Sawmill conveyor on Vancouver Island. More machines and fewer workers have been the dominant trend in resource processing and manufacturing in recent decades. (Tom Fletcher/Black Press)

Sawmill conveyor on Vancouver Island. More machines and fewer workers have been the dominant trend in resource processing and manufacturing in recent decades. (Tom Fletcher/Black Press)

B.C. unions expect membership gains from labour code changes

NDP government still considering response to ‘gig economy’ trend

Second of a series on B.C. labour law changes before the B.C. legislature.

Changes to B.C.’s Labour Relations Code have been added to the NDP government’s strategy to increase union membership in the province.

After moving to designated union-only construction for public projects like the Pattullo Bridge and the Trans-Canada Highway widening east of Kamloops, changes introduced by Labour Minister Harry Bains focused on preserving union terms when service contracts are re-tendered, and streamlining union certifications. He invited union leaders to the media briefing, where Hospital Employees’ Union secretary Jennifer Whiteside praised the move to end “contract flipping” in senior care homes.

B.C. Federation of Labour president Laird Cronk was also at the presentation at the B.C. legislature. Cronk is disappointed about the NDP government’s decision to keep secret ballot voting in union certifications, but he is encouraged about strengthening successor rights when contract services are re-tendered.

“British Columbia remains a low-wage province, and precarious work is on the rise,” Cronk said. “The best antidote to economic inequality is greater union density.”

The government and its traditional supporters in organized labour are hoping to turn around a long-term trend. In 1984 the “union density” of the B.C. workforce was 45.6 per cent, well above the national average for Canada, according to Statistics Canada. By 2004 B.C. it had seen the largest decline of all Canadian jurisdictions, with the union share of the private sector down to 24 per cent by 1997 and below 17 per cent by 2016.

The B.C. Business Council submission to the province’s advisory panel identified three fundamental labour market trends, the first being a continuing shift from stable, predictable employment to more precarious work and self-employment. Others seen in the past 30 years are an increasing income gap between skilled and non-skilled workers, and a movement towards more part-time and temporary work.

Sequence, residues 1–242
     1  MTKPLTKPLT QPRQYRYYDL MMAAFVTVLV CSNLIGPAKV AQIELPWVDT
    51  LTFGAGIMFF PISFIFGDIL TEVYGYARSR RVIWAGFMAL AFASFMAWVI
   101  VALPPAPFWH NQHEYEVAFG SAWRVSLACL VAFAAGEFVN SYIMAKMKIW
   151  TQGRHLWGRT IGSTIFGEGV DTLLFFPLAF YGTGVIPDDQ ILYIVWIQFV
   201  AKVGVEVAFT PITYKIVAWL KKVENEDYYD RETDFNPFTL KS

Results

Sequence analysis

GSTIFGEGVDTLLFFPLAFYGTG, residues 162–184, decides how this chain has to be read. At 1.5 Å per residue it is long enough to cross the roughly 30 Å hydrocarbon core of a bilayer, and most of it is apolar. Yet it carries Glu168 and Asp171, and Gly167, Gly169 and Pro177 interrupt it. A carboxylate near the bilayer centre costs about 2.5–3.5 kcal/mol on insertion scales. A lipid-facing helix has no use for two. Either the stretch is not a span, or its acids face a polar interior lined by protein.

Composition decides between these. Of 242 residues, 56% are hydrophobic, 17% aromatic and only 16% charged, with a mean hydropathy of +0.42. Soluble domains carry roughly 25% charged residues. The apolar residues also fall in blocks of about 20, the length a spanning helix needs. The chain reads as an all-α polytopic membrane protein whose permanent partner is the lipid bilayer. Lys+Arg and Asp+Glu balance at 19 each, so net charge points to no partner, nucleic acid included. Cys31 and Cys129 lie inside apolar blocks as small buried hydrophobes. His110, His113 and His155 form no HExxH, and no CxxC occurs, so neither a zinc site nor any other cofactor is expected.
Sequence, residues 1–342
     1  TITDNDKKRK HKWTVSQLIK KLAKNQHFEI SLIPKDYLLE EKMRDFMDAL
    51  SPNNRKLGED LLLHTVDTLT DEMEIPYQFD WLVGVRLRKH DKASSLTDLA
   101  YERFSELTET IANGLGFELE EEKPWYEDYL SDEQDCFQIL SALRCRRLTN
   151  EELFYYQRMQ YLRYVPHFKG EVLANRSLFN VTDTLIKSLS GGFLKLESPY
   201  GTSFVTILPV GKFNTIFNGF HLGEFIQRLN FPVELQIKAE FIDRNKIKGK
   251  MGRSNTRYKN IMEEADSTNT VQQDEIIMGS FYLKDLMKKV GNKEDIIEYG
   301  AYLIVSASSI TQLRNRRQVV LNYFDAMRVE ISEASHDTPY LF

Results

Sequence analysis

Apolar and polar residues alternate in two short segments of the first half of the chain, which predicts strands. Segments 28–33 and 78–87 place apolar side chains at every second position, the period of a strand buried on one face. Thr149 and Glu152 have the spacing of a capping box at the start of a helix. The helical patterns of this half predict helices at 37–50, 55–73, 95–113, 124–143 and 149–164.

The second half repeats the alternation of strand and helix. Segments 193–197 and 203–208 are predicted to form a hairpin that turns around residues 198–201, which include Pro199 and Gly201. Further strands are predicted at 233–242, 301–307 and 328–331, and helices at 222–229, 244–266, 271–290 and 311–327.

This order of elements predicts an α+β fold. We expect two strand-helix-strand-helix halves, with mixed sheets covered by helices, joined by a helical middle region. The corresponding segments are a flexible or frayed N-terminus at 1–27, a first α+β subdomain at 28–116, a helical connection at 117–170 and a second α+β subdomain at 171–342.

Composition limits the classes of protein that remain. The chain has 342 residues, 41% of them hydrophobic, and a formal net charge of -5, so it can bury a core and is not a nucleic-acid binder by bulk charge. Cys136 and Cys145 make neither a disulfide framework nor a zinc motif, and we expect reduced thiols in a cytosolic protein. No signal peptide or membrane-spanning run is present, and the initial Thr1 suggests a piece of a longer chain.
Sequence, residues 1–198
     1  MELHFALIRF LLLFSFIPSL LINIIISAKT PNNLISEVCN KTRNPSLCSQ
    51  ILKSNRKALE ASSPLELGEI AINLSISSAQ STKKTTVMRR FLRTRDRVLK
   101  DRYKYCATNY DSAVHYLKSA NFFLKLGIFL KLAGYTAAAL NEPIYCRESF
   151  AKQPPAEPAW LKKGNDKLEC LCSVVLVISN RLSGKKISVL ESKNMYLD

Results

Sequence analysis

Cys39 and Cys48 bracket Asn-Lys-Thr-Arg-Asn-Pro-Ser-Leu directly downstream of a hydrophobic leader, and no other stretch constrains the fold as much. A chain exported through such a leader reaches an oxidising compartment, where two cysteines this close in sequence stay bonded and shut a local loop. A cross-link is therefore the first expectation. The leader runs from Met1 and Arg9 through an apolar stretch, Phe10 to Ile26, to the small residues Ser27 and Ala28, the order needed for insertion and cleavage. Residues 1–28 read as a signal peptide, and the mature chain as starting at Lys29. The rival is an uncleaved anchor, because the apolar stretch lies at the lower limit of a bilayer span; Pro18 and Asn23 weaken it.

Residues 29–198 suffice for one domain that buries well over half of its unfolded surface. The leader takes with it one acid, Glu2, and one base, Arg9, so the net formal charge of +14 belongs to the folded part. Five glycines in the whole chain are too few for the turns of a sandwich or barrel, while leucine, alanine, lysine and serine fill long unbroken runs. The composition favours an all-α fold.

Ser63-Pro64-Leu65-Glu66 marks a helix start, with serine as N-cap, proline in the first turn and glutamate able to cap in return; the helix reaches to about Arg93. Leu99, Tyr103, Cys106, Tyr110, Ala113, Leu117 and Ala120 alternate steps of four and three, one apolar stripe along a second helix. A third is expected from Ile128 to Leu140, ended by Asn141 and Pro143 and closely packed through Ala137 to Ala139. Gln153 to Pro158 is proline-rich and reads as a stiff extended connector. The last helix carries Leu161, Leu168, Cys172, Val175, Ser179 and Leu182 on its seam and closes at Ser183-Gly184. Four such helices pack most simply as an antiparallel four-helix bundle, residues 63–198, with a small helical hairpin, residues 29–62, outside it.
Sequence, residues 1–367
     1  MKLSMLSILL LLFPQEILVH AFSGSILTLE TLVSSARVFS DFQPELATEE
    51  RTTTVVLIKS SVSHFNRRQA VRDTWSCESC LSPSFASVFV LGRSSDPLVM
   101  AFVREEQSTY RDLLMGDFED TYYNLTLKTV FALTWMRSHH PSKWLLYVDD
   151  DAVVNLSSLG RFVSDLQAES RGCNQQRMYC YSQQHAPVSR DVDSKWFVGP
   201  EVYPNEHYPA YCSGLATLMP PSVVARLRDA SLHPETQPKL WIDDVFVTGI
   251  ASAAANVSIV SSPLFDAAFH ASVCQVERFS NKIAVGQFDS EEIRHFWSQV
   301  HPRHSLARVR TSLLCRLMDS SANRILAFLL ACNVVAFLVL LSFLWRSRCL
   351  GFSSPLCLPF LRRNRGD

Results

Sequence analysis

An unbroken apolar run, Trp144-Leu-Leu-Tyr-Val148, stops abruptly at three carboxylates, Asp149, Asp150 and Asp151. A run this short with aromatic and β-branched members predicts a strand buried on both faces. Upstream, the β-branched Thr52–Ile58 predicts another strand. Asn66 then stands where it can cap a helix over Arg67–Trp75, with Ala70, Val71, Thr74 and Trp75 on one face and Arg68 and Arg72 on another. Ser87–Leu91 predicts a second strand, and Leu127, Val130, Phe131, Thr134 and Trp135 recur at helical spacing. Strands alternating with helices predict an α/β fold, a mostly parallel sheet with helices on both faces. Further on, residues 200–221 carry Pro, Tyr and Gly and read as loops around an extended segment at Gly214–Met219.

For employees being signed up by a union the legislation shortens the union certification vote period from 10 days to five, which some unions and employers support because it ends the uncertainty of an organizing drive more quickly.

PART ONE: Kids under 16 can keep working for now, minister says

READ MORE: NDP keeps secret ballot for union certifications

But the amendments also remove a provision that the B.C. Liberal government added in 2003, allowing employers to communicate with employees about unionization during a certification.

“If passed, employer speech rights will revert to their pre-2003 status when views critical of union affairs unrelated to the employer’s business as well as ‘unreasonably held beliefs’ about such topics resulted in unfair labour practice complaints,” says an employer advisory bulletin from Vancouver law firm Fasken.

The Labour Relations Board has increased authority to impose a certification if an unfair labour practice complaint is upheld.

Contract workers are expected to be considered in a later stage of labour law revisions, which the Business Council of B.C. expects is still to come. The government could move to extend wage and benefits provisions to include more of the fastest-growing area of employment.

The independent panel that reviewed B.C.’s labour code examined the shift to the so-called “gig economy,” under a legal framework that dates to the 1970s where large-scale resource operations employing mostly male workers were the standard.

By 2016, women’s participation had increased to almost 50 per cent, with more visible minorities and disabled workers in a steadily aging workforce, the panel’s report says.

Service jobs expanded as resource extraction and manufacturing employment declined, much of it due to technology and automation of mills and factories. Service jobs now account for 80 per cent of B.C. employment, with the largest growth at the opposite ends of the wage spectrum. Professional, scientific and technical business skills command high wages, while accommodation and food services jobs have doubled to more than 180,000 people since 1986.

The B.C. Green Party supports Bill 30, which needs its votes to pass by the end of May. Green leader Andrew Weaver said extending union successor rights to janitorial, security, bus transportation, food services and non-clinical health services such as senior care homes is an important step forward, but the shift to part-time contract work “continues to be missing from the conversation.

“From increases in precarious, gig-based jobs to the increasing use of contractors instead of employees, British Columbians are dealing with huge changes to job stability and income security, and our laws aren’t keeping up.” Weaver said.


@tomfletcherbc
tfletcher@blackpress.ca

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